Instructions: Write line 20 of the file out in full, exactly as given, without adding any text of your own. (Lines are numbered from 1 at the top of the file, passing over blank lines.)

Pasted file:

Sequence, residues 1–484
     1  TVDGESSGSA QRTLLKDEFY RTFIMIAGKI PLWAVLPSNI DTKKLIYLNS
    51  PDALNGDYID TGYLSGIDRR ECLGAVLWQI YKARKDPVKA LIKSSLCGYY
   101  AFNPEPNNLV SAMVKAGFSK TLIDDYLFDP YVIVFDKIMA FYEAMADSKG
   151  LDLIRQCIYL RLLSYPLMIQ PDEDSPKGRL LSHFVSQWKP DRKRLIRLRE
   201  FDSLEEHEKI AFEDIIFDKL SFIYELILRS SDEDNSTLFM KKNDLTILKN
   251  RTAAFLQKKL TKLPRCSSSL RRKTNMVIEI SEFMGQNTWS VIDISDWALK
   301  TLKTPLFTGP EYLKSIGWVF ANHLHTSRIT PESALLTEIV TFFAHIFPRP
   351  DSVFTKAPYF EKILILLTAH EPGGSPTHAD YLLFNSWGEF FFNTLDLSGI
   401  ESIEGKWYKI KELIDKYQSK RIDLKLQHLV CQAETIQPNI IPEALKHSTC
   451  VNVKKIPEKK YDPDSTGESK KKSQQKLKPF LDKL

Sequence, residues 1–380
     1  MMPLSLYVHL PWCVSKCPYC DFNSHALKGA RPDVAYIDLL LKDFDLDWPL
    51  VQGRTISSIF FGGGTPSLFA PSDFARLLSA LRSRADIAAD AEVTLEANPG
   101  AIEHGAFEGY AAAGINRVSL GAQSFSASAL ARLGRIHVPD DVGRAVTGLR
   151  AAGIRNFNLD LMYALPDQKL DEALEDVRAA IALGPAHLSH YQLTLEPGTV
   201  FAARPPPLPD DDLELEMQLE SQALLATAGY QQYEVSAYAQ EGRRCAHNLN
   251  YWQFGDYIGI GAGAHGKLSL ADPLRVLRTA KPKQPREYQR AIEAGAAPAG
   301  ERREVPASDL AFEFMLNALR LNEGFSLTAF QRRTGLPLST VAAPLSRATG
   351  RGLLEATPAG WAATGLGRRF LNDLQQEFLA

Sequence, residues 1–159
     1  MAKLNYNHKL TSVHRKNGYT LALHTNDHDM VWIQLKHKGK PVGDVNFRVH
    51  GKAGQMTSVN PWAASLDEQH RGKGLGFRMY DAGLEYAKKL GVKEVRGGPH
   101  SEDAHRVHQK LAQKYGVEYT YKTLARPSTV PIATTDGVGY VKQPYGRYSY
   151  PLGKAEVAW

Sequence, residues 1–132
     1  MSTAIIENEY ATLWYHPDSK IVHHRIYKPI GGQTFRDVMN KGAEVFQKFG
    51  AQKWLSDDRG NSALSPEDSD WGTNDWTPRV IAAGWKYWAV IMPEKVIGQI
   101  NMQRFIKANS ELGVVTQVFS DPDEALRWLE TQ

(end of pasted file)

   351  RGLLEATPAG WAATGLGRRF LNDLQQEFLA